Toronto: Dundurn, c1999.
It's strange how sometimes you have a book sitting on your shelf quietly for many years, and when you finally take it down you realize it had this beautiful life going on inside it all the time, only you didn't know it.
Memoria is this kind of book. I decided to read it for Women in Translation Month simply because it had been on my shelf for a while. I started the first few pages to see if I'd like it, and I just kept going. The writing is dreamy, engaging, insightful. Dupre sees things with an honest and poetic eye that caught my interest right away.
The book, on the surface of it, is the story of Emma Villeray, a translator living in Montreal whose partner of 10 years, Jerome, has just left her to move to South America. We don't meet him, we only have her recollections of him -- but she is speaking to him throughout, addressing him as 'you'. It tracks her journey from shock and loss to a new and totally different life direction than she would have had with him.
It's about the outwardly small but inwardly huge steps she takes to keep on with her life. She moves from their apartment, buying a house even if she is all alone now. She reconnects with her best friend, and through her meets a new lover, Vincent, and has to learn to trust a new relationship. She becomes friends with the previous owner of her house, Madame Girard, who is a widow and dealing with harsher loss than Emma's own. And she deals with the repercussions of her sister's disappearance as a teen, something that has always affected her remaining family. All of these strands of loss combine, sink lower, and then rise in a beautiful story of both loss and the nature of things to get better, of how hope is restored and new life begins again.
I loved the fragmentary structure of the book and how it reflects Emma's memories rising up as discrete life moments, with brief chapters. She recollects scenes of her life with Jerome, events from her childhood, her interior life, and current daily life, as she rebuilds. The book is split into four sections, each called a 'song', and the book is kind of like a fugue, all these lines of her life harmonizing and repeating.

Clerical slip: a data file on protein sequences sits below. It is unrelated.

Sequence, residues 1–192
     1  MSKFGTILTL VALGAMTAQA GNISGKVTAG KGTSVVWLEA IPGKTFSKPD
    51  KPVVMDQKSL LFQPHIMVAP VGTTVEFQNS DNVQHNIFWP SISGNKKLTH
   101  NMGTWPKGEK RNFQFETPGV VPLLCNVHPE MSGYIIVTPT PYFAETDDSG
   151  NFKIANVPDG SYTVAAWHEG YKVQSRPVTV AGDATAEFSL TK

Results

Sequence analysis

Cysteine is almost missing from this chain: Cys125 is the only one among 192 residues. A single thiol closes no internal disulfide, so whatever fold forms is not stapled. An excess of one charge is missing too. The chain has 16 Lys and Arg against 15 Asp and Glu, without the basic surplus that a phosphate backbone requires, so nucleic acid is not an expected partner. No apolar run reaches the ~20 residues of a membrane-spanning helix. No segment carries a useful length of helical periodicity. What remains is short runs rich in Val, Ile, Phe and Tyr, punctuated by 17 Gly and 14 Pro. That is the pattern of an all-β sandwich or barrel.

The support of the women in Emma's life is wonderfully drawn - from her own mother to her best friend Benedicte, her new friend Madame Girard, her neighbour Rosa, even Jerome's ex-wife - all are complex and lovely characters. This was a fantastic read, a quiet, introspective and yet visual story that captures fleeting images and emotions.
I did find the focus on Emma's finding new reasons for living in a new relationship and mothering a bit disappointing in a way; where's the strong independent woman making it on her own? But within this story Emma's choices do make her strong, do give her her own voice once more. She becomes more fully herself by going through this emotional upheaval, and at the end the reader is hoping for her future happiness as much as she is.
I'm so glad I've finally discovered Emma, and Louise Dupre's wonderful style. So glad that I had the push to finally take this down from the shelf.
I'll finish with a couple of quotes that show how Emma copes with her losses, and yet has something within that doesn't let her completely despair.
In my life, the past forms tiny islands I swim around, sometimes until I'm utterly exhausted. But I'm swimming, not drowning.
When my own way of seeing returned, I looked at the world differently. I could now see through things, even the bugs dangling from the thread of my thoughts.
I was observing them as I used to observe Grandmama making quilts, those hundreds of squares she patiently sewed together with her elderly fingers, the scraps of her life. She would tell the story of times past, over there Mama's dress, over here Uncle Jean's coat. I never tired of watching her work. I was already learning to turn a lot of discarded pieces into a single life.